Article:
ZFS Encryption Speed (Ubuntu 24.04)

Well, another Ubuntu version, another set of encryption performance tests. Here are the results for Ubuntu 24.04 on kernel 6.8 using ZFS 2.2.2. As I'm doing this for quite a few versions now, you can find older tests for Ubuntu 23.10, 23.04, 22.10, 22.04, 20.10, and 20.04.

Testing was done on a Framework laptop with an i5-1135G7 processor and 64GB of RAM. Once booted into installation media, I execute the script that creates a 42 GiB RAM disk that hosts all data for six 6 GiB files. Those files are then used in a RAIDZ2 configuration to create a ZFS pool. The process is repeated multiple times to test all different native ZFS encryption modes in addition to a LUKS-based test. This whole process is repeated again with AES disabled. As before, the test is a simple DD copy of 4 GB files; however, this time I included FIO tests for sequential and random read/write. One thing absent for the 24.04 round is a 2-core run. Relative performance between a 2-core and 4-core setup remained about the same over many years I've been doing this testing and thus it doesn't really seem worth the effort.

Since I am testing on the same hardware as previously, I expected little to no difference in performance but I was pleasantly surprised as performance did significantly increase across the board by about 20%. Considering 23.10 decreased performance by 10%, it's nice to see we have that performance recovered with a bit of improvement on top. If you need more disk performance out of your existing hardware, you should really consider upgrading to Ubuntu 24.04.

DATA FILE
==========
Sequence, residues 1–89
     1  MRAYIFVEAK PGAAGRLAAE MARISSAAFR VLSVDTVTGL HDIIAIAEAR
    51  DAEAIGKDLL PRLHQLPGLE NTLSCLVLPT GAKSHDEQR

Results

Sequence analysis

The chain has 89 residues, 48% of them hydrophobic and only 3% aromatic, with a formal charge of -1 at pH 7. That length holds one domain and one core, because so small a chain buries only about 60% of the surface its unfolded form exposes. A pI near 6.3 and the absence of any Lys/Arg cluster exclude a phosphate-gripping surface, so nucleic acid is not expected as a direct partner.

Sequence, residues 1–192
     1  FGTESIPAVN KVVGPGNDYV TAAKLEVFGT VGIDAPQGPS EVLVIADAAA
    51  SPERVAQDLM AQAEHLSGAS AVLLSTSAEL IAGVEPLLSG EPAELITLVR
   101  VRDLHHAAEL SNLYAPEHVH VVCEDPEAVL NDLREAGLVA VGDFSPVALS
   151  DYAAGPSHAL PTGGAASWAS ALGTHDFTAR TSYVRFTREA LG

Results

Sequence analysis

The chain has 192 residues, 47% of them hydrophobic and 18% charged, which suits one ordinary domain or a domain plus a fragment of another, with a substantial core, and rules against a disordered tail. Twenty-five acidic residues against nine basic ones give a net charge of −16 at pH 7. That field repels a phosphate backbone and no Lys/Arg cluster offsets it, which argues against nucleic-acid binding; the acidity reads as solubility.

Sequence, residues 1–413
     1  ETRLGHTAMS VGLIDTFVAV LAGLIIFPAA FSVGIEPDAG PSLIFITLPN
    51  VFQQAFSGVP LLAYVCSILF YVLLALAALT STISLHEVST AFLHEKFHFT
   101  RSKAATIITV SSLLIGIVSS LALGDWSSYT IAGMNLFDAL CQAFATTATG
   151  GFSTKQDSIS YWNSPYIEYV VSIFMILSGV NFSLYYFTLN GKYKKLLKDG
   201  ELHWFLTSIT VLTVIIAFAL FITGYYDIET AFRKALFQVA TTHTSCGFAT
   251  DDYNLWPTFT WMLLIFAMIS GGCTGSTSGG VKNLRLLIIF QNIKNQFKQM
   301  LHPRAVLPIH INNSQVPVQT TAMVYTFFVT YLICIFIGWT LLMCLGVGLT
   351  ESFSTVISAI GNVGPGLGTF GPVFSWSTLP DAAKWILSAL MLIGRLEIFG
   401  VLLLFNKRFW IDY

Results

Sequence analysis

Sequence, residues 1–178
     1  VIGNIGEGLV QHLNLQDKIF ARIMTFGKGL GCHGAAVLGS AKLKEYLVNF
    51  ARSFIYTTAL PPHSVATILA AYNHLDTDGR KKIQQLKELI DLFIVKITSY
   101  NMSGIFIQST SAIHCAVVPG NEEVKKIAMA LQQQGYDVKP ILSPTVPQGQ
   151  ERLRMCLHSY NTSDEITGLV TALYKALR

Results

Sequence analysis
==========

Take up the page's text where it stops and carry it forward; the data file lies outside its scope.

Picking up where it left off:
When it comes to the relative performance, nothing really changed. ZFS encryption is still more performant than LUKS on writes and LUKS exhibits slightly higher performance when it comes to reads. CCM modes are still atrocious but, if your processor doesn't have AES support, might be useful.

As, going forward, I plan to use FIO instead of a simple dd copy, it's as good time to analyze those numbers too. Unsurprisingly, the sequential performance numbers as compared to the simple DD copy are about the same. The only outlier seems to be read performance that drops a bit more than other readings. My best guess is that this is due to higher parallel IO demands FIO makes.

Since I am using FIO, I decided to add random I/O too. I expected results to be lower but numbers surprised me still. Write performance dropped to 50 MB/s without encryption. With encryption performance drops even further to 30 MB/s. Fortunately, real loads are not as unforgiving as FIO so you can expect much better performance in real-life.

In future, there are a few things I plan to change. First of all, I plan to switch onto using FIO instead of DD. While I will probably still collect DD data, it will just be there so one can compare it more easily to older tests and not as a main tool. Secondly, I plan to switch LUKS to 4K blocks and not bother measuring 512-byte sector size at all. Most of drives these days have 4K sectors and thus it makes sense that any proper LUKS installation would match that sector size. Making it default just makes sense. Performance-wise, they're not a huge improvement but the do bring LUKS numbers closer to the native encryption.

PS: Raw data is available in Google Sheets.

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